Monday, August 2, 2010

There Will Be Blood - A Shakespearean Analysis

This is an enormous thesis paper I wrote on Paul Thomas Anderson's epic masterpiece "There Will Be Blood" my freshman year at UT Austin. To this day, it's the singular piece of writing I am most proud of. Enjoy! Screenshots courtesy of Blu-ray.com and tumblr. Works cited coming soon when I find the original document file.

[There+Will+Blood_Opening.jpg]


The opening titles begin to roll, accompanied by a void of silence. Then, a dissonant chord builds, the crescendo of the unnerving sound rising softly from the silence, building until it drowns out your own thoughts. Out of the darkness, an image slowly fades in with the music and finally becomes clear just as the volume reaches an almost unbearable level; a sweeping wide shot of the landscape of a rocky desert mountain range. But just as soon as the image fades in, the music goes into a decrescendo, and suddenly we are in a small cave in the ground, watching a lone man hammer away at the rock with his tools. He never speaks, and the music goes completely silent for the next eight minutes as we watch him dig for silver in this tiny hole in the ground. We hear nothing but the sound of whatever touches the dry and rocky surroundings; be it his pick-axe striking the stone walls of the cavern, his breathing and sighing through his nostrils, or just the sound of wind and footsteps against the desert ground. It isn’t until he drags himself to the assay workshop after accidentally falling into the hole and breaking his leg that we return to the wide open space that surrounds him; and thus return to the music that introduced us to this place.


The contrast between the environments in the opening scene sets us up for the larger exploration of the contradictory narrative elements of There Will Be Blood, and how this contrast between epic qualities and the claustrophobic narrative define the Shakespearean nature of the film.


What makes the film so unique is the way it has such a Shakespearean nature to it, yet maintains this Shakespearean nature through the paradox of epic filmmaking and a claustrophobic narrative. While the film may appear to have a large, episodic plot, given that it spans over several decades and involves a large number of characters, it has an entirely claustrophobic narrative. The large world and landscape that the film inhabits is never once meant to be understood, except sometimes perhaps through Daniel Plainview’s mono-maniacal mind. Just as well, for the more than two and a half hours we spend with him, we are never much privy into the past, motivations, or views of Daniel Plainview. These kinds of narrative characteristics all have roots in Shakespeare, especially in King Lear and The Merchant of Venice.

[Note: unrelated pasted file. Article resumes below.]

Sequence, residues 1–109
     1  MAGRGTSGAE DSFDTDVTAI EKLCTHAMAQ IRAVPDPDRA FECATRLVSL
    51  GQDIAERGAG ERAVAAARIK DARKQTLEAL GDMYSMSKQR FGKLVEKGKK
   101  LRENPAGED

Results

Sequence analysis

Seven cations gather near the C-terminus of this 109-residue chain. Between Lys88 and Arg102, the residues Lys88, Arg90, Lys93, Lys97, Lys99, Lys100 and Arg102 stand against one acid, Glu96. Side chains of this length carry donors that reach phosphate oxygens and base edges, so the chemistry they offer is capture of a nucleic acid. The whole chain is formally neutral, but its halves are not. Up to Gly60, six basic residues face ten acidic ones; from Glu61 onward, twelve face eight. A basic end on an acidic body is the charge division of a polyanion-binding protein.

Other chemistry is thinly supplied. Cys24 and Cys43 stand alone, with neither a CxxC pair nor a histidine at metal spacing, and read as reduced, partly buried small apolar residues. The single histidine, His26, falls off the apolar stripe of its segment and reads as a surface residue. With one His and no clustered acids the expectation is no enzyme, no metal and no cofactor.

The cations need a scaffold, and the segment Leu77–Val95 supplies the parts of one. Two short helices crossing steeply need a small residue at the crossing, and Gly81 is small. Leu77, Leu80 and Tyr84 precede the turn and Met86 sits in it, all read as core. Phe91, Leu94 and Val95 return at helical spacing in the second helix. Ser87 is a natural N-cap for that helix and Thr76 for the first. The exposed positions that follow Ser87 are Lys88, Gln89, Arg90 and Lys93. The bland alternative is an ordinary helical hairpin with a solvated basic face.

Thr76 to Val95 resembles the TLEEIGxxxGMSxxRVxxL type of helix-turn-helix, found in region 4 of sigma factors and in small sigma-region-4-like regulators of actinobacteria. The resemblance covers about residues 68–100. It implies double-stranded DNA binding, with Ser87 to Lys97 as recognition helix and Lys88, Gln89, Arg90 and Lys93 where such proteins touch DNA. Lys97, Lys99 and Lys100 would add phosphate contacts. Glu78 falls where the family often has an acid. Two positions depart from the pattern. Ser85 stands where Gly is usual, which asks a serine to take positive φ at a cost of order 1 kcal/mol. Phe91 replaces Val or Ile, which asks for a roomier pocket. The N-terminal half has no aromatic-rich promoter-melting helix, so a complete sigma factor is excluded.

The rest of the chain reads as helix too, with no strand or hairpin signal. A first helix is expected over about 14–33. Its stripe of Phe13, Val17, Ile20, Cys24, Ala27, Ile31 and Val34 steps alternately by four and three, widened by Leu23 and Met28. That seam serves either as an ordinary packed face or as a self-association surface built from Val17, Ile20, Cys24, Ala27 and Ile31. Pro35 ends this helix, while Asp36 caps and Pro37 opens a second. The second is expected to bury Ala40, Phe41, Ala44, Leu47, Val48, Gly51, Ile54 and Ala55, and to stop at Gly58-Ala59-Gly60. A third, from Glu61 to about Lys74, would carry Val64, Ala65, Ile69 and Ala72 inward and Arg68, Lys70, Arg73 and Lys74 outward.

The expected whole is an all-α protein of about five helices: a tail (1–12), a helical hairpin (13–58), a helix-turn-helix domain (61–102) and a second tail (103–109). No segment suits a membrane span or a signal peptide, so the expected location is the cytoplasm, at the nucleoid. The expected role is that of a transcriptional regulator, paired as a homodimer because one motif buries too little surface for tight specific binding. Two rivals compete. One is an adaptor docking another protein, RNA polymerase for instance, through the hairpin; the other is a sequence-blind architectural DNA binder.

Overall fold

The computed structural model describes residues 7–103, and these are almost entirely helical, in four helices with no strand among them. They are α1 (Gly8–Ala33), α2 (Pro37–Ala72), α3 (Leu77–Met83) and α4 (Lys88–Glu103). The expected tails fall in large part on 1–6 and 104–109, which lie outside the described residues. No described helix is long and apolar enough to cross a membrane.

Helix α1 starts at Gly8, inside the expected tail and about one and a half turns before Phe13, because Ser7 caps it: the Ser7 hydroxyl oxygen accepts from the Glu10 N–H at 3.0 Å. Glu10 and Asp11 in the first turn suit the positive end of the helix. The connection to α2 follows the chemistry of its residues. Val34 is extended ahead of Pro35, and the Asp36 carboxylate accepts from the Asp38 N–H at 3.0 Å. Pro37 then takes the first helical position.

The opening scene of There Will Be Blood is only the beginning of the exploration of the nature of the story and Daniel Plainview. Any time something important occurs in those first twenty minutes, it always happens inside a closed space. Plainview discovers silver in the small cave, sets up dynamite to blow the silver loose, then falls and breaks his leg in the hole. However, when he is outside in the open terrain, nothing really happens. He sleeps, eats, and just lives. Even when he has set the dynamite in the cave and starts to pull the bucket of tools out of it, he is unable to get the bucket out in time, thus, accomplishing nothing while outside. While this may seem insignificant, it begins a pattern that continues throughout the entire film. Important events, interactions, or otherwise scenes that serve to advance the plot only occur indoors; while nothing of much impact ever happens outdoors or in wide open spaces, save for the derrick explosion. What really makes this pattern of contrast between indoor and outdoor setting fascinating is how it is a reflection of the contrast between the ways the film appears to be epic, yet subverts its own epic nature as the narrative becomes increasingly claustrophobic as it progresses.

Like in Lear, the story is set within a large world and society that is as much a key player to the narrative as any one of the central characters. But like in Lear, this society is never really meant to be understood or explained. Rather, the story stays centralized and focused on Daniel, leading to us only seeing the world through his eyes, much like how King Lear keeps a tight focus on Lear’s descent into madness. Ironically, like the narrative, Daniel shows very little interest in trying to see deep into people or society as a whole. After meeting his half “brother”, Daniel tells him precisely what he thinks of the people around him, explaining that “I see the worst in people, Henry. I don’t need to look past seeing them to get all I need.” Here, we are given a rare look into Daniel’s view on things. Like his last name of Plainview suggests, Daniel does not feel that it is necessary to try to find the redeeming qualities of people or the inners workings of society in hopes of finding some way of rectifying their bad actions with good natures. Coincidentally, the fact that Daniel’s name is representative of his misanthropic outlook on the world around him is another Shakespearean quality of the film. During Shakespeare’s time, the names of characters were dominant traits of characters, and gave people an idea of what the character was like. However, with Daniel Plainview, this is one of the only glimpses into his psyche that we become privy to. In that sense, the relationship between the narrative’s centralization around the main character and the way it does not give us understanding of the society in which the film takes place is very much a complementary connection.